ST. PAUL, Minn. -- The movement of Jeff Carter, Mike Richards and Brian Campbell over the past few days raises the issue of long-term deals and whether they are suddenly more portable than many imagined when they became the rage in the past couple of seasons.
Carter's 11-year, $58 million contract extension, which he signed in November, kicks in next season. Richards was into a 12-year contract when he was dealt to Los Angeles, while Campbell heads to Florida with five years left on his eight-year deal.
"When I first saw those long-term deals signed, I was wondering, 'OK, how is this all going to play out?' It's a long time," veteran agent Don Baizley told ESPN.com Saturday. "I act for Mikko Koivu, he's on a seven-year contract. It's the longest contract I've ever done and it's a long time, let alone 10 years, 12 years, 13 years. All kinds of ramifications. There are all kinds of issues associated with this stuff and we're all feeling our way."
The annual jump in the salary cap, coupled with the commensurate rise in the salary floor, has put more teams in a position where they have to spend more than they would like, and that sometimes means bringing in salaries other teams cannot or do not want to continue to pay.
Chicago, tight against the salary cap all last season after winning the Stanley Cup, was looking for more flexibility this season. Getting rid of Campbell's deal that comes with an annual cap hit of just more than $7 million was a bonus. It turned out to be a blessing for Florida GM Dale Tallon, though, who needs to rebuild the Panthers into a playoff team.
"I don't know that I would necessarily say the landscape has changed and I can't really speak for other organizations," Vancouver assistant GM Laurence Gillman said Saturday. "From our perspective, we've been extremely fortunate that we've had players that have decided they wanted to play for Vancouver and worked with us. We feel we have a covenant with these players in the sense that, if they're willing to take less money to play in our organization, we agree that we're going to keep them.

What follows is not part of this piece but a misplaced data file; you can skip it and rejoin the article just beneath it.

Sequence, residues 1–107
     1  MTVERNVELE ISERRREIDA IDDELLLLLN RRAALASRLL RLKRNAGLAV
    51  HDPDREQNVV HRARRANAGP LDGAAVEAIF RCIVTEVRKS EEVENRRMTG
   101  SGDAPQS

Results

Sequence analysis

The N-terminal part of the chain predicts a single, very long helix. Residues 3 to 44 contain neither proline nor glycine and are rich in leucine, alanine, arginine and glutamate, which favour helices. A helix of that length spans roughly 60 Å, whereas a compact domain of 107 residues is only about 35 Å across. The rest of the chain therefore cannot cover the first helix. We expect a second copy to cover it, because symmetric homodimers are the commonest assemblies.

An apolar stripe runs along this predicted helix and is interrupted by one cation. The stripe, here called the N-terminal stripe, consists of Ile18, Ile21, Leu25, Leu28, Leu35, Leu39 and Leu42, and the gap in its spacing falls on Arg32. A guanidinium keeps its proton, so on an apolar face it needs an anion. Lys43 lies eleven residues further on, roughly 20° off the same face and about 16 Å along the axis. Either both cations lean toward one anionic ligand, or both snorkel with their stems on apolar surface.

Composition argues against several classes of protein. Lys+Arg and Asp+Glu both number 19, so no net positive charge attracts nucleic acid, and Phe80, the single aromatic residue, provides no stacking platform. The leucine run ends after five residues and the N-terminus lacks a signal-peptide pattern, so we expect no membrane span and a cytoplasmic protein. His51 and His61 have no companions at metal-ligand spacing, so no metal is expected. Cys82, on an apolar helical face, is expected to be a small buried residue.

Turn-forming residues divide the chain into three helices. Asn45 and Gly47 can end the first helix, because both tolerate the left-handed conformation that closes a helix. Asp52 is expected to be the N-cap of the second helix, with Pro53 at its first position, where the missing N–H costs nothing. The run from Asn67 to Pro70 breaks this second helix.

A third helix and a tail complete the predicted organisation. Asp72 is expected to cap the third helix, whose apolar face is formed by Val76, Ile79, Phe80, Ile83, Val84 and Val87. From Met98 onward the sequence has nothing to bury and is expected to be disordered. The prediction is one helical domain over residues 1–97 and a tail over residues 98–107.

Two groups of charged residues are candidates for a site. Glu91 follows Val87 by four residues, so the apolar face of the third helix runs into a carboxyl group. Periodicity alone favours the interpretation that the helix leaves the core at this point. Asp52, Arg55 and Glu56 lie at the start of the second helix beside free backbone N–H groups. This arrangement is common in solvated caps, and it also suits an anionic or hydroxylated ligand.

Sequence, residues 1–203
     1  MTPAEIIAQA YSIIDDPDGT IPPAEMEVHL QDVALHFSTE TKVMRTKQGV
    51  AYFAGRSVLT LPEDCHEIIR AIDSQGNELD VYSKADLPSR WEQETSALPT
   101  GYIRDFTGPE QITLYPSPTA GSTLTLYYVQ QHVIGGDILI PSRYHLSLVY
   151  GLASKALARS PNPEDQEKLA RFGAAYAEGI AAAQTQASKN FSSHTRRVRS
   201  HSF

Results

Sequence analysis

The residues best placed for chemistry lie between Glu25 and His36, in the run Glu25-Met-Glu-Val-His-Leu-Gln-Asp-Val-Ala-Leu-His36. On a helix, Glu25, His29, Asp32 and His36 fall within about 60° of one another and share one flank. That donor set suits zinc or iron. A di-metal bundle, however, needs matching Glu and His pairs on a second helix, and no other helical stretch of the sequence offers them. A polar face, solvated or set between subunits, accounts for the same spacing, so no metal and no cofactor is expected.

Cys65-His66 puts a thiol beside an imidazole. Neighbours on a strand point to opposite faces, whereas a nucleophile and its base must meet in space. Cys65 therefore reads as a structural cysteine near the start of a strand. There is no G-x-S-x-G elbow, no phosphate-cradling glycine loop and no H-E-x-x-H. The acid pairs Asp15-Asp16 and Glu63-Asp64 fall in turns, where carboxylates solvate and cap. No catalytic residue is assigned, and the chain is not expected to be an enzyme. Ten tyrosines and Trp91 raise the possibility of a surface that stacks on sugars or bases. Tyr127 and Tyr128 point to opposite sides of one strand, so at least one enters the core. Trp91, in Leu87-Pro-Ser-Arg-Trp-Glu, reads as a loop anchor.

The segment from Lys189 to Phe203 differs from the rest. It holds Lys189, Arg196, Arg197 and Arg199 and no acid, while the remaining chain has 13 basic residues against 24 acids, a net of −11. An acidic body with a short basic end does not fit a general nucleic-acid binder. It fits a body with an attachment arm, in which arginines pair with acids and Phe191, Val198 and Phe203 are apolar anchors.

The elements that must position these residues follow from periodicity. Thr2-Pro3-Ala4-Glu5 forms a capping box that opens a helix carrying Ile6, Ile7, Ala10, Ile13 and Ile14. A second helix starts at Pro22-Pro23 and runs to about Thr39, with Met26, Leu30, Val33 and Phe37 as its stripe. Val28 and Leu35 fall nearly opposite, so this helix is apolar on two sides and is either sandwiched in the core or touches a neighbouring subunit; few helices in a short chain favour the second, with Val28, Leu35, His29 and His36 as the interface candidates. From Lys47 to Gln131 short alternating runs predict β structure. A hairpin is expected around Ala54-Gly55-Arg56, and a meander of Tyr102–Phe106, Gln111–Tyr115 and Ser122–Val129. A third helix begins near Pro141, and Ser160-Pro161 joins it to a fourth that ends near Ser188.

"Now, having said that, things change. Sometimes they change from the player's perspective as well as the team's. Coaches change, sometimes philosophies change. It's a very fluid business."
Former NHLer Bill Guerin, now working in the Pittsburgh Penguins' front office, said teams may be attracted to long-term contracts because they know what they're getting, even if a player doesn't expect to be traded after signing such a deal.
"They're not going to have to deal with a UFA [unrestricted free agent]. It's right there in front of them," Guerin said. "L.A. knows Mike Richards has got 10 years left; they want him, they're happy to pay him for 10 years."
Guerin said loyalty, or the lack thereof, cuts both ways.
"I think it goes both ways. I think maybe we just know more now," said Guerin, who played for eight NHL teams. "There's just more movement. There's very few guys that are going to spend their entire career in one city. It's just the way it is."
Carolina GM Jim Rutherford noted the initial cap after the lockout was about $39 million; next year, the salary floor is going to be $9 million more than that.
"The cap kept going up and people have to view their business model different this year than they did last year," Rutherford said. "We actually have teams that don't have money that [still] have to spend. And not only do you have to spend, you're going to either have to go and sign free agents or take on contracts, which are probably then going into the following year [into a new collective bargaining agreement]. Now, all of a sudden, you're putting things together for this year, but you've also got to look ahead to nobody knows what you're working under next year."
The longtime NHL executive said he wasn't surprised the long-term deals got moved over the past few days.
"I'm just surprised that the players got moved because they're very, very good players," he said. "I thought [those were] players that would probably stay with [those teams] for a long time."